I don't think political correctness has destroyed the university. There was certainly some gatekeeping in the humanities and social sciences that reflected values of the New Left as some of its members began to occupy university positions in the 70s and 80s (as happens with every generation that holds institutional power) but that hardly destroyed the university. It's also possible to discuss an issue with respect to its scientific as well as its ethical dimensions, without blurring these disciplinary boundaries. I'm a big fan of yours, Alfred, but it's hard for me to track your argument here.

  • Is Global Climate Change A Threat to National Parks? Another Response   2 days 19 hours ago

    We see in Dr. Hoffman’s [John Lemons's] response exactly what is wrong with this debate. There is no debate, in their opinion. We have to “do something” to halt global warming, and need to do it now.

    I may not be a card-carrying scientist, but the environmental history of science I know. So let’s go back and review. Much of this started in 1962 with the publication of Rachel Carson’s Silent Spring. It was a powerful reminder that, yes, what people do affects the earth. The problem today is that the environmental movement would like to leave it there, now to argue that the rest of the literature should be forgotten as offensive to the notion that people control their destiny.

    Dr. Botkin and I simply choose not to leave it there. It has nothing to do with morality; it has rather to do with scholarship. Of course we don’t want people to starve and live in poverty, and it is absurd to suggest that we do.

    But there it is—the Club of Political Correctness. Having destroyed our entire university system, it now threatens to destroy the dialogue period. If you can’t win a debate on the evidence, you can at least hit your opponent over the head. Don’t you know what you are doing to the poor? Have you no compassion for what global warming is doing to all of those “innocents” abroad?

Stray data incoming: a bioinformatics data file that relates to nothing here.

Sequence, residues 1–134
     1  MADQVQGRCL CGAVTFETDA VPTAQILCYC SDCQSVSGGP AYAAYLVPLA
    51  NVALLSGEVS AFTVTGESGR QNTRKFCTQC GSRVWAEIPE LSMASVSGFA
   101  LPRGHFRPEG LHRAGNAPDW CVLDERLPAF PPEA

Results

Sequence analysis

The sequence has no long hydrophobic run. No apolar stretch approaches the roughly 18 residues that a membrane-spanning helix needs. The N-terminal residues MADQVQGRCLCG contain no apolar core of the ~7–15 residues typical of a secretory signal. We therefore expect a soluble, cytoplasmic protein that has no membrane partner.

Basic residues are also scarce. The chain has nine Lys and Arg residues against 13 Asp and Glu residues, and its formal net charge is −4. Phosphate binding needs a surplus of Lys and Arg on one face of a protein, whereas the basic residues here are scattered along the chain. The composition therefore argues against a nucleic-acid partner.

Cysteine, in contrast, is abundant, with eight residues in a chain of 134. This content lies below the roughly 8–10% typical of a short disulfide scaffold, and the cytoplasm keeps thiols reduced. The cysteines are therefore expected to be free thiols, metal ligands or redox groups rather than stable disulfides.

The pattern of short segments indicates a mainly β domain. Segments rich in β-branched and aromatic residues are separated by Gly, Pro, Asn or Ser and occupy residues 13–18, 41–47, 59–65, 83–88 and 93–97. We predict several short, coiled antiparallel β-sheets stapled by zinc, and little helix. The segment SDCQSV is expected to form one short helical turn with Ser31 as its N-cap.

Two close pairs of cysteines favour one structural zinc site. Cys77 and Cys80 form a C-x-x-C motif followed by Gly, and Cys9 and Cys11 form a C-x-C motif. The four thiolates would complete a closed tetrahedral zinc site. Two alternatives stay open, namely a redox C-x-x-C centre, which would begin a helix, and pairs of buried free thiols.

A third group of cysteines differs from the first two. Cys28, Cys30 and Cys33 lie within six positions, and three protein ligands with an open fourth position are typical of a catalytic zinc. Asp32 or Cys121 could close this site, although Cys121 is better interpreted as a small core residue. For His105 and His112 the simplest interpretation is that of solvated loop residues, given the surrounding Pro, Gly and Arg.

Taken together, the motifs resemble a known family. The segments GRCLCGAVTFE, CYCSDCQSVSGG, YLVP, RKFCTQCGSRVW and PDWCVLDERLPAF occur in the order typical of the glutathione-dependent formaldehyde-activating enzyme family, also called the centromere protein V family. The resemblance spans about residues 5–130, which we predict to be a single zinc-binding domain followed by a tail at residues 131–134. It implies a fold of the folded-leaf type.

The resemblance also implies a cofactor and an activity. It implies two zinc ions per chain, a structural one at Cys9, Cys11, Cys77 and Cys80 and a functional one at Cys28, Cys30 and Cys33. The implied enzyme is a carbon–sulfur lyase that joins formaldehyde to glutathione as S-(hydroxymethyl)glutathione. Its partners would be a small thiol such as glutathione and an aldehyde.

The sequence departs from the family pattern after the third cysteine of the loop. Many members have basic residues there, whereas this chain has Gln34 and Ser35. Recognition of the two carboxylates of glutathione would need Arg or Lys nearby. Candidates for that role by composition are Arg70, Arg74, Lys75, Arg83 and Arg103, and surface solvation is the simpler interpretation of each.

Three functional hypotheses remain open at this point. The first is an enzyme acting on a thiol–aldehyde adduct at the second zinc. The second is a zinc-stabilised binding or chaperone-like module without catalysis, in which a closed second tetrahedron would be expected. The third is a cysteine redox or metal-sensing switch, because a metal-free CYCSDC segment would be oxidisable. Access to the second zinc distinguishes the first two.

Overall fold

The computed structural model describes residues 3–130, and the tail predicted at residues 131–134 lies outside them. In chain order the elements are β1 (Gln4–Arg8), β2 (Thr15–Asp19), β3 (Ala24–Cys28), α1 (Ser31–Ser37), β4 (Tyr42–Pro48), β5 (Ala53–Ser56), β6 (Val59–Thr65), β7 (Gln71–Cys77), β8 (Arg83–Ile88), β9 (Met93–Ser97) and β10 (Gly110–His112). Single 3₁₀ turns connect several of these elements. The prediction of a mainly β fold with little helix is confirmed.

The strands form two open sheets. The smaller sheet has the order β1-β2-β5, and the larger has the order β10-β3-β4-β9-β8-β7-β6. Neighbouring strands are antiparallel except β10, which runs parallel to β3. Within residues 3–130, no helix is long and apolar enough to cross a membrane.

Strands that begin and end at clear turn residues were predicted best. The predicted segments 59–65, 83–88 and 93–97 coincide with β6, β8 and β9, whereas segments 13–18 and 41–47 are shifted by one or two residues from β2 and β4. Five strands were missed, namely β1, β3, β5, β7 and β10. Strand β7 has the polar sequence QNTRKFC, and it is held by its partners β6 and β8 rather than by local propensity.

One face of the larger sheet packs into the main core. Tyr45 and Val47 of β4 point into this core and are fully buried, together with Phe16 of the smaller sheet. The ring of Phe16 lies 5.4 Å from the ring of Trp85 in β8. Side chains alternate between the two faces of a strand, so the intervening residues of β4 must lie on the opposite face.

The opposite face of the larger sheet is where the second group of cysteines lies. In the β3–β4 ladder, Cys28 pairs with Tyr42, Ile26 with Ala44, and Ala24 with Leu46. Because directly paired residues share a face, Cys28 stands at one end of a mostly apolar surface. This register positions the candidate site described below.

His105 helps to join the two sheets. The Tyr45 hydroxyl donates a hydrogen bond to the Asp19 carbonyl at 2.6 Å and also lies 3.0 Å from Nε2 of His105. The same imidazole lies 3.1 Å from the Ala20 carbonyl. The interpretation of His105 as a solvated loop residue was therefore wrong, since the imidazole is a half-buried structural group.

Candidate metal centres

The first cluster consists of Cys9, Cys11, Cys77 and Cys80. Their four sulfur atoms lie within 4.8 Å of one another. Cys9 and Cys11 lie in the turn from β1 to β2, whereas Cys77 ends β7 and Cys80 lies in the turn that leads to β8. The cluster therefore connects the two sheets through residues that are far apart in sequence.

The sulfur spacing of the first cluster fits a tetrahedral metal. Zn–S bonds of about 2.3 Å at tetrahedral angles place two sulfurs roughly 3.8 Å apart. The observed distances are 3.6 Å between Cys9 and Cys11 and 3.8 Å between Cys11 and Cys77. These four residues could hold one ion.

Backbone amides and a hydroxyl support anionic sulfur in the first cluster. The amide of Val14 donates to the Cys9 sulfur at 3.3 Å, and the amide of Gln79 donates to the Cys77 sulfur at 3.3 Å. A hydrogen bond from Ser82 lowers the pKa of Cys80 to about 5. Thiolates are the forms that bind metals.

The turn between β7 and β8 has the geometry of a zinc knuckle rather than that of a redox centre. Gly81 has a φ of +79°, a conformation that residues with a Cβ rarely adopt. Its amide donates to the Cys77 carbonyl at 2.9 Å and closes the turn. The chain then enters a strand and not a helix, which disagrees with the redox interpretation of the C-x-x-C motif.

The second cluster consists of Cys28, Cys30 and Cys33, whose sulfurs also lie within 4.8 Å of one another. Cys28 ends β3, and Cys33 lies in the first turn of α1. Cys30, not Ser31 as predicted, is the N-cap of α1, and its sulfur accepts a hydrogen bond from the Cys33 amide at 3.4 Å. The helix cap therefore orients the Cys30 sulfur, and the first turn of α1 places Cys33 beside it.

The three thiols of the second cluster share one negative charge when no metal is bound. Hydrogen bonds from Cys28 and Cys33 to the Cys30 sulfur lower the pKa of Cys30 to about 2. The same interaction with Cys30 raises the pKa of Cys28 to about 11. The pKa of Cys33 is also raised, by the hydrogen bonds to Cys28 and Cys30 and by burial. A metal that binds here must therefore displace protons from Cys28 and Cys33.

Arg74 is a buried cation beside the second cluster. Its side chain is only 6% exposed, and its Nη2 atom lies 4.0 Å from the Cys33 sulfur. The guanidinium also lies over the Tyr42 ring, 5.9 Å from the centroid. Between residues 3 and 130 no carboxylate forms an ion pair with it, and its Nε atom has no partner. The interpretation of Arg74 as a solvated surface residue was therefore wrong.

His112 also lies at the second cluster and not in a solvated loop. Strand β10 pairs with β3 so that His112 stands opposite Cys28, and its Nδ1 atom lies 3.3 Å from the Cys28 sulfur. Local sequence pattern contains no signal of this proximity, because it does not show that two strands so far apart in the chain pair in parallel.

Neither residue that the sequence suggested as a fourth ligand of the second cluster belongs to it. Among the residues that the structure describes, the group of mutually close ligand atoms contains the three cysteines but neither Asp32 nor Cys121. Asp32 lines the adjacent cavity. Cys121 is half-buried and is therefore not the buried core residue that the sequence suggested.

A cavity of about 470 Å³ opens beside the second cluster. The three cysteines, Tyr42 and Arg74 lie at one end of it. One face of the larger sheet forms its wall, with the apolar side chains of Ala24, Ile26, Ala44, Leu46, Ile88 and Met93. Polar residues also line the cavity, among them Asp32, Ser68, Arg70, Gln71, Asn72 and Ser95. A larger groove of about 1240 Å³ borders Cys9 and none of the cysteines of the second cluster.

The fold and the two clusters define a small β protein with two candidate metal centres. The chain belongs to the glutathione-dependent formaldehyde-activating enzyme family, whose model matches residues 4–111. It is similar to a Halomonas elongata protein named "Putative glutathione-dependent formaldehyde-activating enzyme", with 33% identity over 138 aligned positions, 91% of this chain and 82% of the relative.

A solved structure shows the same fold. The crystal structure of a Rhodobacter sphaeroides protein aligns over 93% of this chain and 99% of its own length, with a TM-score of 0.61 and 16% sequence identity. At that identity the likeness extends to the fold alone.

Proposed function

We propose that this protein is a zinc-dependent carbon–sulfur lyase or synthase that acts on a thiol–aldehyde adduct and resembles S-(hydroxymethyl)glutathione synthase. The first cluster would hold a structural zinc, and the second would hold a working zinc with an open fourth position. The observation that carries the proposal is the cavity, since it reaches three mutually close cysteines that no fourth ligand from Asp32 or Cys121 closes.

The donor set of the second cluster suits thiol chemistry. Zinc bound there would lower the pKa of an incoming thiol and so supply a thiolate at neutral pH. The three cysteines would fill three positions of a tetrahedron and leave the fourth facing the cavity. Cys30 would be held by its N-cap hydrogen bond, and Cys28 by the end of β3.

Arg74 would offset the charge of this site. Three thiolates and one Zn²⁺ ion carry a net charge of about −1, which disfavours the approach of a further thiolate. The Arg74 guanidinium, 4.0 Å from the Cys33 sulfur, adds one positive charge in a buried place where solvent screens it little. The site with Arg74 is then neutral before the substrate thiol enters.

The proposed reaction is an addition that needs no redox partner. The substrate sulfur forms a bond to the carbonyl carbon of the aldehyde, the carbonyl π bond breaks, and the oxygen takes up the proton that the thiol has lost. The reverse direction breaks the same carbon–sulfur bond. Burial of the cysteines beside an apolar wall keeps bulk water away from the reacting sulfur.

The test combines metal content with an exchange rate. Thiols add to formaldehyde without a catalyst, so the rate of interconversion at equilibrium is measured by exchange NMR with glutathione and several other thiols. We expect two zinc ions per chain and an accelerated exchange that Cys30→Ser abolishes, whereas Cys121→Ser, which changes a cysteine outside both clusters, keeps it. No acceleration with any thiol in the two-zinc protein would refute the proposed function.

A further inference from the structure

Compassion, yes. Guilt, no. Neither compassion nor guilt is science. The science is how people got here. Why the morality lesson? Because the 98 percent feel naked without it. Science today is all about making the sale.

    This is to remind us of that “other” book in the 1960s that everyone wants to forget. Say the title quietly now, lest the thought police come a-knocking. The Population Bomb, by Paul Ehrlich. You know, he was that rogue scientist from Stanford University that Johnny Carson invited to appear on The Tonight Show. Everyone in universities across the country watched Ehrlich’s appearances, including me, then at Illinois State. I happened to read the book just after its publication in 1968. I recall Dr. Ehrlich thanking David Brower of the Sierra Club for urging him to write it. The book was assigned repeatedly in college courses throughout the 1970s, until suddenly all mention of it fell silent.

    Why? Because it was no longer politically correct to suggest that poorer countries were growing far too rapidly. The new mantra in the debate was guilt. Those countries consuming more were the guilty party, not population growth per se. Everyone else was just a victim of a system beyond their control.

    Even my friend Dan Botkin has little use for Paul Ehrlich. Dan rather believes that if we find the right technology population will take care of itself.

    You see the point I are making here. There is a debate to all of these issues. Debating them is right and proper no matter what the “majority” thinks.